We now have created all the vectors we will need to complete the CNC sign project. The next step is to make toolpaths for each router bit. When we imported the PhotoVCarve toolpath it also created a Toolpath file under the toolpath tab (to the right of your screen) so we won’t need to create a new one . We will need to make a Toolpath from the vectors for the text and a toolpath for the border elements.
CREATE THE TEXT TOOLPATH
Left Click on the text to select it . Then Click the Toolpath tab and select the Create V-Carve/ Engraving toolpath icon. The V-Carve Toolpath will change to allow you to enter data. You will be able to select the cutting bit to be used, in this case the 1/2″ diameter, 60 degree V-Bit. You can also select the tool depth of cut but we will not use this feature. So after you select the 60 degeree V-Bit, click the CALCULATE BUTTON. Aspire will make a tool path for the Text for you.
Advanced Tip: To create smoother Text cuts convert the text to curves before creating a toolpath using the CONVERT OBJECTS TO CURVES tool.
CREATE A PROFILE TOOLPATH
Next we will create a profile toolpath using the Border vectors we created earlier. A profile toolpath is used to cut around a shape or along a path. In this case we will use a profile toolpath to cut our sign free from the board. To create a toolpath for the border vector we must first select it by left clicking anywhere on the border. Once you have selected the border you click on the Toolpaths tab to open up the Toolpaths slide out. Then select the Create Profile toolpath tool.
We have to set the parameters for the profile cut. First we set the depth of the cut to 0.877″. We set the depth deeper than the material so that we would ensure the part cuts completely through. We also select the bit to use. In this case I selected a 1/4″ endmill. I did this by pressing the SELECT button.
SELECT ROUTER BIT
Pressing the SELECT button sends me to the TOOL DATABASE window. In the tool data base I can select a bit or add a new one. I can also copy the settings from one bit and edit them to make new ones. You can also set the cutting speed and feed rates for each bit individually. Once you have located you bit and selected it just press OK to continue.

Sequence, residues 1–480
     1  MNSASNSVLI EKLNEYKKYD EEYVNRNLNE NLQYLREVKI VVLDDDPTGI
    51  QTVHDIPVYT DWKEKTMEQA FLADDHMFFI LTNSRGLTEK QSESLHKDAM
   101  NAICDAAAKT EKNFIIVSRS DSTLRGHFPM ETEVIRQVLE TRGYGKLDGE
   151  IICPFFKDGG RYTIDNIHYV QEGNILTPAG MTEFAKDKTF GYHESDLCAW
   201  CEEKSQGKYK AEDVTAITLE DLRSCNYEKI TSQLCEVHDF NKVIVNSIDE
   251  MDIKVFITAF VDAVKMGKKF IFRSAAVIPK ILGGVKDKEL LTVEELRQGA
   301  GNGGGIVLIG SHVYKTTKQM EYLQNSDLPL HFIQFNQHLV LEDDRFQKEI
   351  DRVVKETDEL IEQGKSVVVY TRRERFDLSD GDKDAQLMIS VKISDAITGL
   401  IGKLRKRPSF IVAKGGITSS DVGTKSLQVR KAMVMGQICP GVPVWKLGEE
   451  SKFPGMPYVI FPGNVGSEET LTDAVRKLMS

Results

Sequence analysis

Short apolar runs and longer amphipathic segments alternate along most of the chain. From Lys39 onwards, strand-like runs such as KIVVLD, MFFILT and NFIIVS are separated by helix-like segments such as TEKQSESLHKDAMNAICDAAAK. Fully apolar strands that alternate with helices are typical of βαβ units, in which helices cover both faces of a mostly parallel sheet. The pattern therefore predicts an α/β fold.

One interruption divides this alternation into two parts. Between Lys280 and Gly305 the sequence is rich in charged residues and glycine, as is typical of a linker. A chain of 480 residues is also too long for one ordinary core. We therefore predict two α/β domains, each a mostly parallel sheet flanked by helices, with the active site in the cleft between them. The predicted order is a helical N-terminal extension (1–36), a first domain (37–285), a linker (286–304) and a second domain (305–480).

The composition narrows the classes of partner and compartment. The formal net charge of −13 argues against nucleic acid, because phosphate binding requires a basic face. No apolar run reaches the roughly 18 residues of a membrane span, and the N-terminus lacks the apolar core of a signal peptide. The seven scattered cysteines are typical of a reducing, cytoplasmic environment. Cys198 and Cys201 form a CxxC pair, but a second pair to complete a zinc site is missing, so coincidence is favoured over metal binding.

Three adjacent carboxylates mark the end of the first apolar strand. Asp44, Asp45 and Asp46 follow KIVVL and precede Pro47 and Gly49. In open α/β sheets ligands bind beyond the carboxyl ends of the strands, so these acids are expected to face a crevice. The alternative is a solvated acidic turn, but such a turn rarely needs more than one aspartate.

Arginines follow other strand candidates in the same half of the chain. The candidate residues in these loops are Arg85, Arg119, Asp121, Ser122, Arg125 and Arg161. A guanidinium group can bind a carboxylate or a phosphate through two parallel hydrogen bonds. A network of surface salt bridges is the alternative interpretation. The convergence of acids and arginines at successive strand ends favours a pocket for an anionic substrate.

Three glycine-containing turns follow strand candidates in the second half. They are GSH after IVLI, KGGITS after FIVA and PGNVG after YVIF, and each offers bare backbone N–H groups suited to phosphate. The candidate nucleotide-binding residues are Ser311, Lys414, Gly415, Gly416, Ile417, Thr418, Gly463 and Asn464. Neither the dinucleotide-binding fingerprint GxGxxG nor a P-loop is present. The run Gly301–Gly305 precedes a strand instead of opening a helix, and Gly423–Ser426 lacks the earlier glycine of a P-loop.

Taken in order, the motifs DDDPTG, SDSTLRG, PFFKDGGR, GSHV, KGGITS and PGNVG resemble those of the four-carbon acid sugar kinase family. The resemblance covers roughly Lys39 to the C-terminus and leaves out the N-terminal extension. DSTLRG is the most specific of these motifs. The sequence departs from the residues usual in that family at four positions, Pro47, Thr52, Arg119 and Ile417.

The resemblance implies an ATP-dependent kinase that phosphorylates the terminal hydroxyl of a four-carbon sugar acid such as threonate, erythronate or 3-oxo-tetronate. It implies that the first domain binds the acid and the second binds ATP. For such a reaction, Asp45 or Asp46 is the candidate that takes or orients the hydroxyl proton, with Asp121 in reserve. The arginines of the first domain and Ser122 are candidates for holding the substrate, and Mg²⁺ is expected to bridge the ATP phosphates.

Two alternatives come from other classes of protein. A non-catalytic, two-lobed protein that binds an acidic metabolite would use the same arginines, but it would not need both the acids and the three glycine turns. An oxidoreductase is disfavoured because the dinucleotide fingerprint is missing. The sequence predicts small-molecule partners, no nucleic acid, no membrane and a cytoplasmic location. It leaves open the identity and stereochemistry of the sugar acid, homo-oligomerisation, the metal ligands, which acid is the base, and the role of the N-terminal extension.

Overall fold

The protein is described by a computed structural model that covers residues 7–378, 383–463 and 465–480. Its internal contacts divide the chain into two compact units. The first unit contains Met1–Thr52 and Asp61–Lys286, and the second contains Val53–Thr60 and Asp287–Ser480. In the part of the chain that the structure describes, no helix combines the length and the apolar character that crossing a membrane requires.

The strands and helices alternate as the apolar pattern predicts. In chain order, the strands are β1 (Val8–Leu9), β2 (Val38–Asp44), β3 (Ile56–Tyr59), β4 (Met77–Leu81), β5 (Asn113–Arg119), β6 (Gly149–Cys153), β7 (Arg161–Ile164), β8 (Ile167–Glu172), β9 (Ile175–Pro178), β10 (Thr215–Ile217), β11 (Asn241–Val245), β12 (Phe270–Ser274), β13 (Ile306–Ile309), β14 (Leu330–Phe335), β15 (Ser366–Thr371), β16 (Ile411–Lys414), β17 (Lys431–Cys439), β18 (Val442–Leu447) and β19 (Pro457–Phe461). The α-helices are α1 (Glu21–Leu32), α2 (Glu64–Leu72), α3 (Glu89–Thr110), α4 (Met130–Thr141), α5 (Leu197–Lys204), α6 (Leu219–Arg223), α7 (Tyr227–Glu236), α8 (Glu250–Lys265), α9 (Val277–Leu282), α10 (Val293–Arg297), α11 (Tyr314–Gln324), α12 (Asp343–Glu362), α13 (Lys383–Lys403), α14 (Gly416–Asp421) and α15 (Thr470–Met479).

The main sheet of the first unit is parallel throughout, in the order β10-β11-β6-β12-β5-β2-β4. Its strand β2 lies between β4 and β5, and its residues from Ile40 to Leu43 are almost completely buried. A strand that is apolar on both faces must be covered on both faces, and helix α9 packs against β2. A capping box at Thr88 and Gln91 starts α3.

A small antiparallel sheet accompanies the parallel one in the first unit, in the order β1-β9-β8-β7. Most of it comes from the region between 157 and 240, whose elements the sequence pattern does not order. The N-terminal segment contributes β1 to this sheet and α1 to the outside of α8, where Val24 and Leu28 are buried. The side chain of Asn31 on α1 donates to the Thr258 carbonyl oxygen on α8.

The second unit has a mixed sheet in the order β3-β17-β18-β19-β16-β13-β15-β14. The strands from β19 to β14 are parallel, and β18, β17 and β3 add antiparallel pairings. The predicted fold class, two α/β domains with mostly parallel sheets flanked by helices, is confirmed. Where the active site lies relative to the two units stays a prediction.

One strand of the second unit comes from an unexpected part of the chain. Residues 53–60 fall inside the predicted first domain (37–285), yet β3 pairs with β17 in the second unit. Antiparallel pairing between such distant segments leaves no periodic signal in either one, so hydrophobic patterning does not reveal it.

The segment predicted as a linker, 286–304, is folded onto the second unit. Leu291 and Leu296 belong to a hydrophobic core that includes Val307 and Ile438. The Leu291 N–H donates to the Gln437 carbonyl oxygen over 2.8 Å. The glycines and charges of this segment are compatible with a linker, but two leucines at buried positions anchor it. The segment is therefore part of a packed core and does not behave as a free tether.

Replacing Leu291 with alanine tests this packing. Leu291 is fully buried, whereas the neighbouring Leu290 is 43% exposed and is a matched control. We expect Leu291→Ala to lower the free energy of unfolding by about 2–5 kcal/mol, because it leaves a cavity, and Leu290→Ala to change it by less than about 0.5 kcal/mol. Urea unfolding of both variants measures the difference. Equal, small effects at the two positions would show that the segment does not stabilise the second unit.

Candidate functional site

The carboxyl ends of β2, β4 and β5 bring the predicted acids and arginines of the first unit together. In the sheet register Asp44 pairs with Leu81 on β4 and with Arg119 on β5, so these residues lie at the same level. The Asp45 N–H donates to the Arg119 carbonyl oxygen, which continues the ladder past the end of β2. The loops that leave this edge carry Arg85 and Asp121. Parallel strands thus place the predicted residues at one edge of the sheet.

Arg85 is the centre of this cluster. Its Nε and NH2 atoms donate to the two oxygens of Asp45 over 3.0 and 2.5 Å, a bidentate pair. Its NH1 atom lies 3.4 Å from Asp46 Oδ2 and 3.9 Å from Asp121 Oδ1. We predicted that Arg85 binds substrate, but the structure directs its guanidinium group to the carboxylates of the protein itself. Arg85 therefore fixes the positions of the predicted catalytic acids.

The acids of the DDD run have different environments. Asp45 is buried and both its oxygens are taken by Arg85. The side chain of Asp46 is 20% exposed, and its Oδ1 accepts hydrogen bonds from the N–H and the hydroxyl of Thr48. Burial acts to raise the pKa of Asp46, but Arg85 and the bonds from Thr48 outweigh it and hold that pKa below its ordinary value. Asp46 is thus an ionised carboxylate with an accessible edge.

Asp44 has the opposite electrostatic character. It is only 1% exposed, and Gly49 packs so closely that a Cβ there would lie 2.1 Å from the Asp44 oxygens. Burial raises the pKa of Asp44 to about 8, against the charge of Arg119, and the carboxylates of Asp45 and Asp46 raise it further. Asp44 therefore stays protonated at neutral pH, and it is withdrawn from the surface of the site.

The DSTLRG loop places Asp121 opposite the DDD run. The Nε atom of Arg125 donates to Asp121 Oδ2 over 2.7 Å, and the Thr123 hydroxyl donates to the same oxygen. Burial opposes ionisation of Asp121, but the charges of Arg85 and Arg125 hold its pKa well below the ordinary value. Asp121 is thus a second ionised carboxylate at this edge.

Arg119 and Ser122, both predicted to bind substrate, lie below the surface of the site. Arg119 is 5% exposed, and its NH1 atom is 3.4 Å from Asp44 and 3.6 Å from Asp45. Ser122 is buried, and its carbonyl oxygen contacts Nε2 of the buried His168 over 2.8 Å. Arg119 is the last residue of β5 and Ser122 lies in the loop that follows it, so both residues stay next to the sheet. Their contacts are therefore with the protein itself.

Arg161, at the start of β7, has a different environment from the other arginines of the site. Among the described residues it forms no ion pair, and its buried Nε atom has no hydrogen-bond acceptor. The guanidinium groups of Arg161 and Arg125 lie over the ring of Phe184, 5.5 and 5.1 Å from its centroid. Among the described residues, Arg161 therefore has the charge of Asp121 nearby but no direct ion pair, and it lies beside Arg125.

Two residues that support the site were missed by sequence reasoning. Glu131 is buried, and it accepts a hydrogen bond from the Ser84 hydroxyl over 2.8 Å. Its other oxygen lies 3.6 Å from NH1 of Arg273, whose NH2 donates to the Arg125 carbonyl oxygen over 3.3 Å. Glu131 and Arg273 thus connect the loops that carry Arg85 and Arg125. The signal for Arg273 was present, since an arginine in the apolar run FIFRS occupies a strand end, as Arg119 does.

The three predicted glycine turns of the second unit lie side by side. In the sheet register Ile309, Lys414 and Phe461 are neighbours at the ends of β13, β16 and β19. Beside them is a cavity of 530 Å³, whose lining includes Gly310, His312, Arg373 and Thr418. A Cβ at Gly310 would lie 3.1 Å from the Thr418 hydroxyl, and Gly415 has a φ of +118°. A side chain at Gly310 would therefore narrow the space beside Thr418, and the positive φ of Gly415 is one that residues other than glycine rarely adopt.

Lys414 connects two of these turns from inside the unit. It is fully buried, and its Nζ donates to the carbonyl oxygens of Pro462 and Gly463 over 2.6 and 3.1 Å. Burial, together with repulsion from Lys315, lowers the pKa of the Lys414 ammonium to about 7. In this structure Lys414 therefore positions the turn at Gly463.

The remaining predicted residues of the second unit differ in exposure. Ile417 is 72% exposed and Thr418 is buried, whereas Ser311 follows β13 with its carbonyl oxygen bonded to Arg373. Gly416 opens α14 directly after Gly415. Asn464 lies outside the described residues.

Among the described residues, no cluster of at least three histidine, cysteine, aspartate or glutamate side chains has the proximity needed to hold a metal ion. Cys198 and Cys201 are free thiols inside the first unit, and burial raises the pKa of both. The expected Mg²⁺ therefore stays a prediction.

Further down in the Toolpath tab is MACHINE VECTOR section. We want our profile to cut on the outside of the part, not inside or On the line. Cutting on the outside of the vector give you a part with exact finished dimensions.
At the bottom of the Toolpaths tab is the Tabs menu. Check the box marked add tabs to the toolpath and a window opens up.
You can then edit the number of tabs to include. I suggest a minimum of four tabs. Tabs are used to hold the finished part in place while cutting loose the part. The tabs are later trimmed away to free the part. Finished parts without tabs can be easily drawn into the cutter and ruined.
After creating the tabs click on the CLOSE Button. You will be taken back to the previous menu where you can name your tool path and then Select the Calculate button. You will receive a warning message because we set the depth of cut deeper than the material. Since we want the sign to be cutout of the material this is fine. Select OK.
After the toolpaths are calculated you can preview what the paths look like by clicking on the 3D tab. An image of your rough stock is displayed. You can turn the toolpath previews on or off by clicking the check boxes in the toolpath tab.
To get a look at what the finished sign will look like I used the Preview Toolpathes Icon in the Toolpath tab. Simply Check the box next to the toolpath you would like to preview and select the Preview Toolpath button. You can preview the toolpaths individually or all at once. You can also choose different material textures.
Now that all the toolpaths are created we need to save them to a thumb drive or other device to take to the CNC Router table. I do most of my design work in my office where it is comfy. I usually only make minor changes out in the shop. To save a toolpath, place a check mark in it’s box and then select your post processor from the list. Since I use Mach3 to drive my stepper motors, I chose the post processor shown. Select the one that is appropriate for your machine. Click the SAVE TOOLPATHS button and then choose the location where you want to save your files. It helps if you name your toolpaths something which easily identifies what they do. The default names are not descriptive enough for my tastes.
In the next post of the CNC Sign Projects Tutorial we will Prepare the wood piece for cutting. I hope you are finding this tutorial useful. Please leave a comment or some feedback. It gets lonely in the shop sometimes. Follow me on Twitter @BillGriggs or join our free newsletter.
CNC SIGN PROJECTS: